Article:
“I need to provide copies of my other offers.”
MYTH: Nope, nope, nope (even though Google in particular loves to ask for them). You signed an NDA before every interview, so you can always use that as a reason.
“I should send the recruiter an email with my ask and justification.”
MYTH: Negotiating via email = MAJOR CRINGE and definitely a worse outcome. I know there are folks selling fill-in-the-blank templates out there. My advice if you want a meaningful/large increase is to have the conversation over the phone.
“If I find a number online, I can quote it as a reason to get more.”
MYTH: Nothing boils a recruiter’s blood more than “It says X on Glassdoor.” Compensation is an exact science — have arguments prepared that are specific to your situation.
“The best way to get more is to reiterate how qualified I am.”
MYTH: You already got interviewed and everyone’s read your resume. That’s how you got your initial offer; now you need to build additional arguments. Use the information you collected during the interview about what challenges the team is facing — maybe that increases the scope of the role? Discuss why leaving your current role will be hard — are you critical to your current team? In other words: instead of asking for money, make them give you more money by bringing in obstacles the recruiter needs to overcome to close you.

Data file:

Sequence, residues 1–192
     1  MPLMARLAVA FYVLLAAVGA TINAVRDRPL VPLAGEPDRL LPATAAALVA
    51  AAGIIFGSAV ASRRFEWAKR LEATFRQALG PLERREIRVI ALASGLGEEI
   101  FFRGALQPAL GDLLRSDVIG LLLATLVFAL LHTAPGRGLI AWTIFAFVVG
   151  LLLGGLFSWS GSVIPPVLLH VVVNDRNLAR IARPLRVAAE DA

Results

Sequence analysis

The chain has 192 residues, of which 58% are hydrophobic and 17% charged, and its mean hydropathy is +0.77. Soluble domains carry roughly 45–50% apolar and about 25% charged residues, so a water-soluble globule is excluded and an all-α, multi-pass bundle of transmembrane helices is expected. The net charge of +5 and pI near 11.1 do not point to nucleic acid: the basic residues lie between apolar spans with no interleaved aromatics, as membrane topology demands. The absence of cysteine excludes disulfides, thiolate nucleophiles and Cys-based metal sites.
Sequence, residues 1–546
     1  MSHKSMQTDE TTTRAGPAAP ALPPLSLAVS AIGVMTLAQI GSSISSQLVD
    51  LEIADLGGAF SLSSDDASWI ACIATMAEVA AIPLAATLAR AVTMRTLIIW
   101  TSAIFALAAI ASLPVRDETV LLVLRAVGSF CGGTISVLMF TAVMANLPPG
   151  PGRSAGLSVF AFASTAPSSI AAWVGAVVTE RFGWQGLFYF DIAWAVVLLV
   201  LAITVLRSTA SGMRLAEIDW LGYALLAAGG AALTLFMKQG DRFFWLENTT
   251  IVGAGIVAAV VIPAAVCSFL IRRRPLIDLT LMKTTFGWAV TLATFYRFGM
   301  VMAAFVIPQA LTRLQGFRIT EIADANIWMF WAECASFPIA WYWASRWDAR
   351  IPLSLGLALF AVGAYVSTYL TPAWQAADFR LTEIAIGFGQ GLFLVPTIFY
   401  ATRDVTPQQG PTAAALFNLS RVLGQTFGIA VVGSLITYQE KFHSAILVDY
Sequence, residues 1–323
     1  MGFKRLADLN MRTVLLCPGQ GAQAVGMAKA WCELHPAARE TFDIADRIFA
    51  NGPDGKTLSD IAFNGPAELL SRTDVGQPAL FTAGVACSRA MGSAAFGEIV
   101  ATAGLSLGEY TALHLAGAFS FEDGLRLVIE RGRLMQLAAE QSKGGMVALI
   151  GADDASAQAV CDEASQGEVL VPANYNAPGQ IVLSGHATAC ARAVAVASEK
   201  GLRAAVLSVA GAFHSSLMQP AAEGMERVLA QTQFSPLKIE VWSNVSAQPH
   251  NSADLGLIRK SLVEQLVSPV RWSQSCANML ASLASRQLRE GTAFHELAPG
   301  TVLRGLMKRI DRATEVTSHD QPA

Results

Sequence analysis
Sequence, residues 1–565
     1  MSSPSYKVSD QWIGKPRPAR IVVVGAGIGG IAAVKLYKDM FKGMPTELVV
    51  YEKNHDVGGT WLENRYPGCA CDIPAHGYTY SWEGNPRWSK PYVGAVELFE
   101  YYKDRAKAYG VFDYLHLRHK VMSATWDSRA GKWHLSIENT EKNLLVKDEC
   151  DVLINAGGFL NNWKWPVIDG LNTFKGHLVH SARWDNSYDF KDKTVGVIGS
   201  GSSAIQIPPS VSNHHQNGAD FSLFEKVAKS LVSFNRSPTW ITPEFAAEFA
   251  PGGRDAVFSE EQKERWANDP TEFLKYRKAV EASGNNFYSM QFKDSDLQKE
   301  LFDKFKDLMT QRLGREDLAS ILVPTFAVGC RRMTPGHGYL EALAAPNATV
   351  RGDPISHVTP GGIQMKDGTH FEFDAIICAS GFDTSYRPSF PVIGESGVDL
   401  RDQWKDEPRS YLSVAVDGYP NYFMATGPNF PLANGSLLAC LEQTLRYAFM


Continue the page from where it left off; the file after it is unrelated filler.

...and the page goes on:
“I need to be aggressive and threaten to walk if they don’t match.”
MYTH: LOL, let me know how that goes for you. My guess is you’ll get a mediocre increase worded as a “final offer.” If you want big moves, I’m talking $100K+ more, you need to collaborate with your recruiter, not make them an enemy.
As a final word of wisdom: Start with negotiating your overall compensation, not individual components. For example, ask for “500K” and then the next round ask “Can I have X more equity?” Then, when you’ve exhausted all other avenues, ask for a signing bonus. If you still need more help, you can always read our guide.
Now that you’ve got all these RSUs in your compensation…
If your new RSUs are more than 10% of your liquid net worth, you should make a plan to diversify ASAP. Holding a concentrated position can translate into greater portfolio volatility, which has been shown to reduce compounded growth rates and future wealth. At Candor we help you automate RSU diversification by converting your stock weekly, even during blackout periods. You can find us here.
Till next week, and have a fulfilling and productive week 🙏